Today we chatted for a while with our domestic help whose day it is each Wednesday. We were swapping stories about the emerging news from the earthquake zone in Turkey and Syria and how devastating it is for those lucky enough to have escaped the falling buildings only to helplessly stand by whilst they can still hear family members trapped inside the ruined buildings, calling for help of which there is never enough. Then, after breakfast and more or less on the spur of the moment, we decided to visit Marks and Spencer in Longbridge (the site of the old Austin-Rover factory which is now a large retail park) We had not visited Marks and Spencer for several months now and as usual the departments that we visited were generally very quiet whereas the cafeteria was heaving. Meg and I treated ourelves to a coffee and a sandwich as soon as we arrived as by now, it was quite late on in the morning. Then we paid a visit to the women’s lingerie deprtment where after a degree of searching, we managed to locate and to buy the underwear for which we were seaching. Finally, we paid a visit to the Food Hall to pick up an item that our domestic help particularly wanted and finally we returned home. Once at home, we immediately started to prepare our lunch which was a curry/pasta type meal and our domestic help took a little lunch with us. I asked her if I could borrow a particular item of clothing which I need for my Pilates class next Tuesday – all of this will be explained in the fullness of time.
A private underwater search company has been using sonar equipment on the River Wyre in the search for the woman missing from a Lancashire village. The news this afternoon is that the underwater search expert looking for missing mother Nicolla Bulley has said his team is pulling out of the hunt as she is ‘categorically not’ in the area of the river where detectives believe she fell in. All of the experts involved in this search describe themseves as ‘baffled’ by the disappearance of the woman and one wonders what form the search will take from this point onwards. The police has been assiduously checking all of the videocam evidence that they can lay their hands upon and are wondering if she could have left the area without being caught on any video cameras at all. After the passage of some days, the trail, if any, gets colder and colder and at some point, I imagine that the police will have to scale down their operations and declare the whole incident as an unexplained missing person.
The Turkey-Syria deathtoll is now of the order of 12,000 and research fforts are bcoming increasingly frantic. A team from Britain got to work within minutes of their arrival upon Turkish soil but even with a vast army of volunteers, the scale of the problem is so vast that the chances of being rescued is diminishing by the minute. The more one learns about the complexities of this particular earthquake, the more horrendous it becomes. For a start, the earthquake footprint falls across both Southern Turkey and Northern Syria so two governmnts are involvd. But Northern Syria has been an area in conflict for some time now and the remit of the Syrian government does not run as far as the earthquake footprint – the Turkish army control some of the area, as do Kurds and some rebel militias. So trying to negotiate the politics of all of this sounds like a nightmare. In addition, many of the roads serving the area have themselves been destroyed in the earthquake. Whatever roads are open, there is an army of refugees trying to flee the area presumably trying to get to the safety of other family members who live outside the earthquake zone. So trying to get heavy earthmoving equipment along these damaged and refugee packed roads is problematic to say the least. And finally the weather is particularly bad at the moment with temperatures several degrees below zero and with heavy snow much in evidence. Those who survived the earthquake only wearing the clothes they were wearing when they ran out of their collapsing buildings are pullings bits of wood out from the rubble with which to light or sustain a fire so that they can keep themselves warm.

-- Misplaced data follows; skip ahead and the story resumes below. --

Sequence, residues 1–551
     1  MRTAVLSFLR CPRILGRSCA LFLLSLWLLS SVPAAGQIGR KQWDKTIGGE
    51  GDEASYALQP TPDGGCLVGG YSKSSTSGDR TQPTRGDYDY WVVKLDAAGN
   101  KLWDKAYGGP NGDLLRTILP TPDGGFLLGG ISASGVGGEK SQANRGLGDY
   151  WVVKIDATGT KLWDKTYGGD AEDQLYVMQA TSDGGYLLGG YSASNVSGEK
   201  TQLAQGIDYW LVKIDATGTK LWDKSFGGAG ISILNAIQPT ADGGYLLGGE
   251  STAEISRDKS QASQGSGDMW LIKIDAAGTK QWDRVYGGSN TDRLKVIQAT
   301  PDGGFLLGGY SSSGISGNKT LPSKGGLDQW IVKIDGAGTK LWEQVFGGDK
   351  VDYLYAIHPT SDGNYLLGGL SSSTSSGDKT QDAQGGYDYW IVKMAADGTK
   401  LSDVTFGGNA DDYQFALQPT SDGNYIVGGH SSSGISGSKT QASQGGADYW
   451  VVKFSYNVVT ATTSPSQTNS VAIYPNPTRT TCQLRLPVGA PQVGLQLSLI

The Ukrainian President Zelenskyy has making a surprise visit to the UK today and is addressing members of both the Commons and the Lords in Westminster Hall. Naturally he has been asking for jets from this country and the response from the Prime Minister, Rishi Sunk is to say that ‘nothing is off the table’ which is a meaningless form of words that means nothing and commits you to even less. Supplying jets is not a simple question either as jets have to have support and maintenance and refuelling even before we get onto the vexed question of training Ukrainian pilots. Following the speech, Mr Sunak asked Defence Secretary Ben Wallace to investigate what jets the UK could give to Ukraine – I do not expect the reply will be a straighforwrd one and may be an interesting way of saying ‘yes’ and ‘no’ at the same time.